Instituto Universitario Carlos Fisica Teorica mputacional
Instituto Universitario Carlos Fisica Teorica mputacional
Aguerri J.A.L.,Institute of Astrophysics of Canarias |
Aguerri J.A.L.,University of La Laguna |
Mendez-Abreu J.,Institute of Astrophysics of Canarias |
Mendez-Abreu J.,University of La Laguna |
And 33 more authors.
Astronomy and Astrophysics | Year: 2015
Context. The bar pattern speed (Ωb) is defined as the rotational frequency of the bar, and it determines the bar dynamics. Several methods have been proposed for measuring Ωb. The non-parametric method proposed by Tremaine & Weinberg (1984, ApJ, 282, L5; TW) and based on stellar kinematics is the most accurate. This method has been applied so far to 17 galaxies, most of them SB0 and SBa types. Aims. We have applied the TW method to a new sample of 15 strong and bright barred galaxies, spanning a wide range of morphological types from SB0 to SBbc. Combining our analysis with previous studies, we investigate 32 barred galaxies with their pattern speed measured by the TW method. The resulting total sample of barred galaxies allows us to study the dependence of Ωb on galaxy properties, such as the Hubble type. Methods. We measured Ωb using the TW method on the stellar velocity maps provided by the integral-field spectroscopy data from the CALIFA survey. Integral-field data solve the problems that long-slit data present when applying the TW method, resulting in the determination of more accurate Ωb. In addition, we have also derived the ratio R of the corotation radius to the bar length of the galaxies. According to this parameter, bars can be classified as fast (R < 1.4) and slow (R > 1.4). Results. For all the galaxies, R is compatible within the errors with fast bars. We cannot rule out (at 95% level) the fast bar solution for any galaxy. We have not observed any significant trend between R and the galaxy morphological type. Conclusions. Our results indicate that independent of the Hubble type, bars have been formed and then evolve as fast rotators. This observational result will constrain the scenarios of formation and evolution of bars proposed by numerical simulations. © ESO, 2015.
Florido E.,University of Granada |
Florido E.,Instituto Universitario Carlos Fisica Teorica mputacional |
Perez I.,University of Granada |
Perez I.,Instituto Universitario Carlos Fisica Teorica mputacional |
And 3 more authors.
Astronomy and Astrophysics | Year: 2012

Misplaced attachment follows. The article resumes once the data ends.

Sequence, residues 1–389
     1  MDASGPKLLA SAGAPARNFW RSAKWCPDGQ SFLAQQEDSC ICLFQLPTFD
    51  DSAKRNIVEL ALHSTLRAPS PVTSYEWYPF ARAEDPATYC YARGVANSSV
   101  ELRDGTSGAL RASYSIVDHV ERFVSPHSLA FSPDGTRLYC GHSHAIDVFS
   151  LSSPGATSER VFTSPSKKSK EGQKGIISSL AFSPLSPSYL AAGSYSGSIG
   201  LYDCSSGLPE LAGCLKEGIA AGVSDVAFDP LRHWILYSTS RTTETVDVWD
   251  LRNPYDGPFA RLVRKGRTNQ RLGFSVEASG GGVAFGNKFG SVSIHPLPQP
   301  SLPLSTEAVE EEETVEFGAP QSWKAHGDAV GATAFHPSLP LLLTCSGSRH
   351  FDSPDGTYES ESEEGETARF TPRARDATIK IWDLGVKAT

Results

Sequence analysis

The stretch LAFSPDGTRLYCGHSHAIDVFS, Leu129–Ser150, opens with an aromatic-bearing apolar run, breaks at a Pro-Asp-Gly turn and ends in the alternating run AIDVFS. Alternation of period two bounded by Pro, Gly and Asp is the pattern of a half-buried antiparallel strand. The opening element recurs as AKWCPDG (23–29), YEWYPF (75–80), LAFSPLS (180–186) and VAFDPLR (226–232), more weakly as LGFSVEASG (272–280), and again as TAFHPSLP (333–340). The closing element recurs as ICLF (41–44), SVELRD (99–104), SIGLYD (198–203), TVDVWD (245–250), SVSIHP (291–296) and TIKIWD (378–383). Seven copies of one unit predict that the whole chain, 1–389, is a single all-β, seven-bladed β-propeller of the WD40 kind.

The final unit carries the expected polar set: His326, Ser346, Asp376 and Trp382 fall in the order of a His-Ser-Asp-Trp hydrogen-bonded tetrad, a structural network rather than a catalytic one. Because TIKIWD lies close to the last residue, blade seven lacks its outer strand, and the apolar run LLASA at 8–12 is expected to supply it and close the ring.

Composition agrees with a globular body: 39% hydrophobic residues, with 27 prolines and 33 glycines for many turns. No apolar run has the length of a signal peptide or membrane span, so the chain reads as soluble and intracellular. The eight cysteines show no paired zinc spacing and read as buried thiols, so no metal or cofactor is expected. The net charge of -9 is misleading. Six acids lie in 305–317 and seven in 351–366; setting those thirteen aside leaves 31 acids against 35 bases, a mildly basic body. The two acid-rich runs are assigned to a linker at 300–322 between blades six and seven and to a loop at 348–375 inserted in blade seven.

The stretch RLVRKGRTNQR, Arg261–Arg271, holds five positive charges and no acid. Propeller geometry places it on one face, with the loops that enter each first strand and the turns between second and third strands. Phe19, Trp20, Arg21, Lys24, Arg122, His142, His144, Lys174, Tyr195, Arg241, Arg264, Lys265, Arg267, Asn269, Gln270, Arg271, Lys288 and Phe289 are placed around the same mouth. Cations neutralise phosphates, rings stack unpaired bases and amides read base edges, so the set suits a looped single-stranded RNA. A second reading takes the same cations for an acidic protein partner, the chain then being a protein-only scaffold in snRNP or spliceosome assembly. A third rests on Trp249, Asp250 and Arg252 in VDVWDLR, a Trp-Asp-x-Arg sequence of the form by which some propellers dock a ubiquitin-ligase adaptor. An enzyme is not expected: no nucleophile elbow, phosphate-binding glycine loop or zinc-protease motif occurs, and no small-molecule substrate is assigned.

Aims. This is the third paper of a series devoted to studying the properties of bars from long-slit spectroscopy to understand their formation, evolution, and influence on the evolution of disk galaxies. In this paper, we aim to determine the gas metallicity distribution of a sample of 20 barred early-type galaxies. We compare the nebular and stellar metallicity distributions to attempt to infer the origin of the warm gas. Methods. We performed long-slit spectroscopy along the bar and obtained metallicities derived using different calibrations. We compare the nebular emission metallicities derived using different semi-empirical methods. We carry out AGN diagnostic diagrams for data at different radii to determine the radius of influence of the AGN and the nature of the galactic nuclei. We then derive the gas metallicities along the bars and compare our results to the distribution of stellar metallicities in the same regions. Results. Most of the gas emission is centrally concentrated, although 15 galaxies also show emission along the bar. In the central regions, gas oxygen abundances are in the range 12 + log (O/H) = 8.4-9.1. The nebular metallicity gradients are very shallow in the bulge and bar regions. For three galaxies (one of them a low-ionization nuclear emission-line region), the gas metallicities lie well below the stellar ones in the bulge region. These results do not depend on the choice of semi-empirical calibration used to calculate the abundances. We see that the galaxies with the lowest metallicities are those with the largest rotational velocities. Unlike our stellar metallicities, we find no correlation between the nebular abundances and the central velocity dispersion. In most galaxies, the gradient in the gas nebular metallicities in the bulge region is shallower than that for the stellar metallicity. Conclusions. The presence of gas of significantly lower metallicity than the stellar abundances in three of our galaxies, suggests that the gas has an external origin that fuels the present star formation at the center of some early-type barred galaxies. That the bar/disk nebular metallicities are higher than the central ones might indicate that the gas could be accreted via cooling flows instead of radial accretion from gas sitting in the outer parts of the disk. © 2012 ESO.